about the distribution of food, all the boys and girls in the school being 
given a mid-day meal. This is, as a matter of fact, the only reason 
that they go to school at all. 

Both boys and girls are herded together, and there is no semblance 
of morality. The entire absence of discipline in this connection is 
having an extremely bad effect on the coming generation. In the 
classes all semblance of discipline has been destroyed. The children 
do exactly as they like, sometimes walking out in the middle of a lesson. 
This is especially the case in the lesson before the mid-day meal, as they 
are all anxious to get the first places. No punishments, no home-work 
and no marks are allowed. The attendance is abominable, the children 
coming and going just as they think fit. It is impossible to keep order, 
and the classes are simply like a bear-garden. If a master does not 
happen to be popular, the boys turn him out. Sometimes a master 
may go to a class to give a lesson, only to find the boys holding a 
committee meeting which must not be disturbed. 

At Kolomna, between Moscow and Kazan, a boy aged 18 was 
appointed commissar of the whole school, being in charge of all the 
teachers. On one occasion he closed the school for a whole week because 
one of the masters gave a boy a bad mark. 

The universities surfer from the same lack of discipline. Any boy 
of 16 years of age is entitled to enter the university without showing 
any certificate, so that even if a boy is unable to read or write, he can 
still enter the university. 

The Bolsheviks have advertised far and wide the benefits of the 
new proletarian culture. The above facts throw an interesting light 
on the way it works in practice. 

Mr. A., who is a Moscow man, gave the following information about :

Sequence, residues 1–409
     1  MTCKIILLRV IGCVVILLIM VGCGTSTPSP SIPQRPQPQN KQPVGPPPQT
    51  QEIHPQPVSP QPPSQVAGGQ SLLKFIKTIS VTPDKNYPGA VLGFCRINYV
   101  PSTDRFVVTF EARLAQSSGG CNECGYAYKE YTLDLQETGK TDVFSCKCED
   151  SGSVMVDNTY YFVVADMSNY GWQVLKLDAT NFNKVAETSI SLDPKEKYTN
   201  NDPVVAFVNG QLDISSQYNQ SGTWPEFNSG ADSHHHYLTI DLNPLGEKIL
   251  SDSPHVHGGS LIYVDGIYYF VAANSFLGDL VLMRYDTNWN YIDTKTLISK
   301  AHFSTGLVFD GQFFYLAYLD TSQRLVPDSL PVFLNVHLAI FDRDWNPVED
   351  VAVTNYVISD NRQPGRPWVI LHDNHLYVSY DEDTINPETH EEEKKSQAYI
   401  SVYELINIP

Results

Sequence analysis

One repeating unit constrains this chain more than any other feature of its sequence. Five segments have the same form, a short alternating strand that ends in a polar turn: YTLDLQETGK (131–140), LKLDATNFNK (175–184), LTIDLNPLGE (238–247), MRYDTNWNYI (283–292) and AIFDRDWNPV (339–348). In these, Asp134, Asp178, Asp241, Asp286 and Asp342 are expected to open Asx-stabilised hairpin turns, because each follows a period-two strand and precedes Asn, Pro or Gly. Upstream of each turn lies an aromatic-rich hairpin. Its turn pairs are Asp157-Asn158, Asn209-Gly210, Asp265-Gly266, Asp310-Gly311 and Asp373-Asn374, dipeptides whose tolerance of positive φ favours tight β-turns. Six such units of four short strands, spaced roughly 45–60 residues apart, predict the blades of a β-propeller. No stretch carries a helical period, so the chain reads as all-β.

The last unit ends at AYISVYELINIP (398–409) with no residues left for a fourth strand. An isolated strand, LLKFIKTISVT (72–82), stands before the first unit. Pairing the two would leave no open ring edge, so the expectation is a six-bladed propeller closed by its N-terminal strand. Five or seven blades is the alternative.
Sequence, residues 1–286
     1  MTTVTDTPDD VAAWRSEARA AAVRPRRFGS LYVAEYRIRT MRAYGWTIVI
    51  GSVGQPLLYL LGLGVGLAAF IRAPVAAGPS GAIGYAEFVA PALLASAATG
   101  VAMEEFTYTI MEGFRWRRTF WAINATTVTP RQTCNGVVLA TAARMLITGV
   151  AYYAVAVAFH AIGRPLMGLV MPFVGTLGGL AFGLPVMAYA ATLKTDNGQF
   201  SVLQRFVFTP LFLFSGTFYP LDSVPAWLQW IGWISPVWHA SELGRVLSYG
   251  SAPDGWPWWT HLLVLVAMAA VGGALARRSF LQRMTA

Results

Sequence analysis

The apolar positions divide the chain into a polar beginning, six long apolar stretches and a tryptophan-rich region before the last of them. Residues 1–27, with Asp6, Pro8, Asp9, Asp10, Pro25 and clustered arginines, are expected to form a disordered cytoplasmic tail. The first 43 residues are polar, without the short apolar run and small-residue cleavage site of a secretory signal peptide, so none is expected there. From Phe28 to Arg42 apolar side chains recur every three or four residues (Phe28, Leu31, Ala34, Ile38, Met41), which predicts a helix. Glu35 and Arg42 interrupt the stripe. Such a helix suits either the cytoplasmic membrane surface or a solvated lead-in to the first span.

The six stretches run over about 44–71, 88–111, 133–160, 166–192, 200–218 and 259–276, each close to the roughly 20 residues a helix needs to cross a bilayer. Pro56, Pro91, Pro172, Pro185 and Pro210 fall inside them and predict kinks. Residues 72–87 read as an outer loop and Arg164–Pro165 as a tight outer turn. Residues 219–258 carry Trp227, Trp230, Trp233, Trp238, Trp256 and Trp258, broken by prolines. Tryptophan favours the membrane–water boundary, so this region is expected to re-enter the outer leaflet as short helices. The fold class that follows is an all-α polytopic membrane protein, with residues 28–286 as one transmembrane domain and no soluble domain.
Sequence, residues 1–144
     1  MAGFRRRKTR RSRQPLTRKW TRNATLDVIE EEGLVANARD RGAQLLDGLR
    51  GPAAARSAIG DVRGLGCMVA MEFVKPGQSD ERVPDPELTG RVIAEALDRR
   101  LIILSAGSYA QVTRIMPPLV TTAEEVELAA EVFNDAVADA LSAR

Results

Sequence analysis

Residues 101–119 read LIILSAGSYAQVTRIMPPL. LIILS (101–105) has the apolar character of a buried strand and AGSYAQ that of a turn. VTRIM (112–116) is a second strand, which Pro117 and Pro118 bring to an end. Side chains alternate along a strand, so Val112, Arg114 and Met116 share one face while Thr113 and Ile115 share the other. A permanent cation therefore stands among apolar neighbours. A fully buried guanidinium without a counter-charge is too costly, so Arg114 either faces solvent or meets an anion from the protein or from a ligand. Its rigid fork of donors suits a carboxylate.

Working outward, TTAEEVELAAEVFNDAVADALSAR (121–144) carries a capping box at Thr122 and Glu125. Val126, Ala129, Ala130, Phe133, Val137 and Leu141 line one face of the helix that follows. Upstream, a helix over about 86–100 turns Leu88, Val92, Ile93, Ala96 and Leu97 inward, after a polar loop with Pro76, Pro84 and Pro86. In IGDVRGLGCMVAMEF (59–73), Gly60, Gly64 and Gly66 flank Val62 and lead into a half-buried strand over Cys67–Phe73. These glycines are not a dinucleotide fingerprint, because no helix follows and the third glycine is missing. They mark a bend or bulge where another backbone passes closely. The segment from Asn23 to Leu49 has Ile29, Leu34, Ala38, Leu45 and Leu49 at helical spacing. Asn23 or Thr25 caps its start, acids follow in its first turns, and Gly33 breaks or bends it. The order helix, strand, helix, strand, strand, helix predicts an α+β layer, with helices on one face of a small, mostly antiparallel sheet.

(1) the " terror " ; (2) conditions in factories with which he was 
acquainted ; (3) the shops in Moscow : 

1. The " Terror." 

Executions still continue in the prisons, though the ordinary people 
do not hear about them. Often during the executions a regimental 
band plays lively tunes. The following account of an execution was 
given to Mr. A. by a member of one of the bands. On one occasion he 
was playing in the band, and as usual, all the people to be executed were 
brought to the edge of the grave. Their hands and feet were tied 
together so that they would fall forward into the grave. They were 
then shot through the neck by Lettish soldiers. When the last man 
had been shot the grave was closed up, and on this particular occasion 
the band-man saw the grave moving. Not being able to stand the sight 
of it, he fainted, whereupon the Bolsheviks seized him, saying that he 
was in sympathy with the prisoners. They were" on the point of killing 


him, but other members of the band explained that he was really ill, 
and he was then let off. Among the prisoners shot on that occasion 
was a priest, who asked permission to say a prayer before being shot, 
to which the Bolsheviks replied laconically, " Ne Nado " (It is not 
necessary) . 

2. Conditions in Factories. 

At the principal factory at Kolomna, a town on the Moscow and 
Kazan Railway, there are only about 5,000 workers out of the normal 
total of 25,000. The factory is run by a committee of three one 
workmen, one engineer, and one director. Here, as everywhere, all the 
workman are discontented and would much prefer the old management. 
The situation is intolerable. Nobody works and nobody wants to work, 
while the one and only topic of conversation is food. All the people